Quantum mechanics is weird. Richard Feynman, one of its most important discoverers, said, "I think I can safely say that nobody understands quantum mechanics." Well, it just got weirder.
This article says that effects can occur before their causes. Don't ask me how that can possibly work; I have no idea. But the experiment seems to show that it's possible.
As always with entanglement, it's important to note that no information is passing between Alice, Bob, and Victor: the settings on the detectors and the BiSA are set independently, and there's no way to communicate faster than the speed of light. Nevertheless, this experiment provides a realization of one of the fundamental paradoxes of quantum mechanics: that measurements taken at different points in space and time appear to affect each other, even though there is no mechanism that allows information to travel between them.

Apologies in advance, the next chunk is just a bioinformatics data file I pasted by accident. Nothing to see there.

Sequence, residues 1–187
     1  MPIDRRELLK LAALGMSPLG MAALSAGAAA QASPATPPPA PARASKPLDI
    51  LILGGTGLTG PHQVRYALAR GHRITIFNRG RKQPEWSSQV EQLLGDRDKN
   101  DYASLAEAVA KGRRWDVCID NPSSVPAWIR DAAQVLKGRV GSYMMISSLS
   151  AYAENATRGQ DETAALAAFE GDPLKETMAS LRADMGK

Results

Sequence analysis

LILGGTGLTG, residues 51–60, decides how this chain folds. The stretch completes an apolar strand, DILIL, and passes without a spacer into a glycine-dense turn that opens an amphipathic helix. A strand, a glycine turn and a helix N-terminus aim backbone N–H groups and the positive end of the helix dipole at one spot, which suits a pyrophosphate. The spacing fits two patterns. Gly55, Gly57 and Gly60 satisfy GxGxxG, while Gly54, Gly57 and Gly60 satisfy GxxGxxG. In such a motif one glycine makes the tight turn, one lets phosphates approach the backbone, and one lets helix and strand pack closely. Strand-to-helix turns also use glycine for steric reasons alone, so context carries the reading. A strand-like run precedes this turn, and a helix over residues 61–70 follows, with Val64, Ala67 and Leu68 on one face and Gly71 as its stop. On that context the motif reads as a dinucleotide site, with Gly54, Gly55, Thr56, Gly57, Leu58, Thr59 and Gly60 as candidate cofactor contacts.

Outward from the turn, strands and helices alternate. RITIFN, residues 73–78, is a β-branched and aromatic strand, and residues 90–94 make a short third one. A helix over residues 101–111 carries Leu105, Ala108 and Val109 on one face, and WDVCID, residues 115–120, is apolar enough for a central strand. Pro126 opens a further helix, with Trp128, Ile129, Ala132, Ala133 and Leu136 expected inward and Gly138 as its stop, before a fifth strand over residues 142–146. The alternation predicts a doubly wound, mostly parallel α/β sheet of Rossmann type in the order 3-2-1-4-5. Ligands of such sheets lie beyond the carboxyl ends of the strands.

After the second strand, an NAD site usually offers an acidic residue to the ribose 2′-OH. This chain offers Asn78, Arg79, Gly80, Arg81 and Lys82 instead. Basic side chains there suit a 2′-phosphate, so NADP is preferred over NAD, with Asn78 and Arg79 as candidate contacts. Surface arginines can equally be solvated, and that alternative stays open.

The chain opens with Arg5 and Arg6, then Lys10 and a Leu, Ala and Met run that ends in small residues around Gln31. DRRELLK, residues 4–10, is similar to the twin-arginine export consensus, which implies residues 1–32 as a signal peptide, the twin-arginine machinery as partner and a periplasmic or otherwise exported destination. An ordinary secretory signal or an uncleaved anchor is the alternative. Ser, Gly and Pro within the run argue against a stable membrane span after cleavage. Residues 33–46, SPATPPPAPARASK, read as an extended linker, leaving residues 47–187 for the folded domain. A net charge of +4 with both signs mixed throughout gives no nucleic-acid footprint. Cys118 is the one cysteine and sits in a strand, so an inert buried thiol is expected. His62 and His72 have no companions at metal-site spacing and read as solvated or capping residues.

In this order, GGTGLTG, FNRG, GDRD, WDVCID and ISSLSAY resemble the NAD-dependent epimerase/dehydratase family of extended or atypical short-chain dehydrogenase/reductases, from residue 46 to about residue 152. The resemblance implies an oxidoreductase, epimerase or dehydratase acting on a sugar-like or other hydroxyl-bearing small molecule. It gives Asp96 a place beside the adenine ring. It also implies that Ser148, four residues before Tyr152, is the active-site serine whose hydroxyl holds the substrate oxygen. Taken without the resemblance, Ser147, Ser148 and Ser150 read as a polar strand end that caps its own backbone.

I wonder if it's possible to change the experimental setup a bit: can Alice and Bob take their measurements and then tell Victor what to do? If Alice and Bob measure that Victor didn't entangle, but tell him to entangle and he does, something has to give. It's a little unsatisfying to say they must not have been able to communicate because of speed-of-light issues. Let them communicate and see if we can violate causality on the macro level.